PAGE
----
In June 2012, President Barack Obama signed a policy known as “Deferred Action for Childhood Arrivals” (popularly known as DACA), a program that allows undocumented immigrants who came to the United States as children to apply for protection from deportation. Today the federal government went to the Supreme Court, asking it to intervene immediately in a legal dispute over whether the Trump administration can end DACA – and to rule on the dispute before the court’s summer recess.
The clash now at the court arose last fall, when the Trump administration announced that it would terminate DACA, which would result in some of the 800,000 young adults who qualified for the program becoming eligible to be deported. On January 9, a federal trial judge in San Francisco barred the federal government from ending the program anywhere in the United States.
On January 16, the Department of Justice announced that it had appealed the judge’s ruling to the U.S. Court of Appeals for the 9th Circuit. In a press release, U.S. attorney general Jeff Sessions declared that the government would also take what he described as the “rare step” of going directly to the Supreme Court – a procedure known as “certiorari before judgment.”
Today the government filed that petition for certiorari before judgment. It urged the justices to take on the case immediately, telling them that the district court’s “unprecedented order requires the government to sanction indefinitely an ongoing violation of federal law being committed by nearly 700,000 aliens—and, indeed, to confer on them affirmative benefits (including work authorization) pursuant to the DACA policy.” Unless the court steps in, the government continued, the district court’s order could remain in effect for months while it appeals to the 9th Circuit; if the 9th Circuit were to leave the order in place, the government emphasized, “it could continue for more than a year given the Court’s calendar.”
In its 33-page filing, the government also told the justices that the district court’s ruling is simply wrong. The decision by the acting secretary of the Department of Homeland Security to wind down DACA is a classic example of a decision that falls within the agency’s discretion and is thus not reviewable by courts. But even if courts did have the power to weigh in, the government continued, it would be too soon for them to do so: Any challenges to the termination of DACA can only happen after the government orders the individual challengers to leave the country. Moreover, the government wrote, the acting secretary’s decision to end the program can pass legal muster as long as it was reasonable – which it was.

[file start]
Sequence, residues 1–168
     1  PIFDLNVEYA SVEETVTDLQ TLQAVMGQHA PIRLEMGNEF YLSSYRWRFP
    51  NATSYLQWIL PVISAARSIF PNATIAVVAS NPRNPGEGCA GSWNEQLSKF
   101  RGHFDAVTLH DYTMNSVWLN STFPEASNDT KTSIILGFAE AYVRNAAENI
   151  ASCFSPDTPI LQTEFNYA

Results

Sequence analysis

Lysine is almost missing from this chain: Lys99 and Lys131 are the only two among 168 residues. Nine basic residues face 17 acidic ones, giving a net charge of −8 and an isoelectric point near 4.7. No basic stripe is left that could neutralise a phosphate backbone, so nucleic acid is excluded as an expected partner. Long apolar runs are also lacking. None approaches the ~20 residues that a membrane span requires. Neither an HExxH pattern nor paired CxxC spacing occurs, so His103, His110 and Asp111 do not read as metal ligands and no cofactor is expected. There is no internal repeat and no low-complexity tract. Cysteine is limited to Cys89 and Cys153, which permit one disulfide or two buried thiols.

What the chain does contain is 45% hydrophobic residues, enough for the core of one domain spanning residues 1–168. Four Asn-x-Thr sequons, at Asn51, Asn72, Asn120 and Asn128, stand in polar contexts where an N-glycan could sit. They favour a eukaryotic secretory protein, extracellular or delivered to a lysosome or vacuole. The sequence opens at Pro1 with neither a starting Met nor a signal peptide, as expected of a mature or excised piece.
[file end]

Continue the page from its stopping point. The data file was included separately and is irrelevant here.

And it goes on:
Somewhat surprisingly, the government did not ask the justices to put the district court’s ruling on hold while its appeals play out. The government told the court that a main goal of the “orderly wind-down of the DACA policy was to avoid the disruptive effects” of “abrupt shifts in the enforcement of the Nation’s immigration laws.” Moreover, it added, a stay would not address other problems arising from the litigation, such as the burden from being involved in “protracted litigation over” the decision to wind down DACA and the potential for additional disputes over what documents the federal government needs to turn over to the challengers as part of the case. Instead, the government asked the court to grant review now and “resolve the dispute this Term” – a move that would require the justices to expedite the briefing schedule significantly.
As the attorney general acknowledged, it is indeed rare for a losing party to ask the Supreme Court to weigh in before the court of appeals has had a chance to rule. The Supreme Court’s rules indicate that certiorari before judgment “will be granted only upon a showing that the case is of such imperative public importance as to justify deviation from normal appellate practice and to require immediate determination in this Court.” As Kevin Russell has observed, the court has granted review before judgment “in only a handful of cases over the last seventy-five years.” Most of those cases, Russell wrote, fall into one of at least three categories: The justices granted review to allow the court to hear a case at the same time as another one that it had already agreed to review through normal channels; the federal government petitioned for review; or the cases involved “international relations and presidential authority, particularly in the context of the president’s war powers.” The DACA case obviously meets the second criterion; we’ll know soon whether the justices will agree that the case is so important that it warrants immediate review.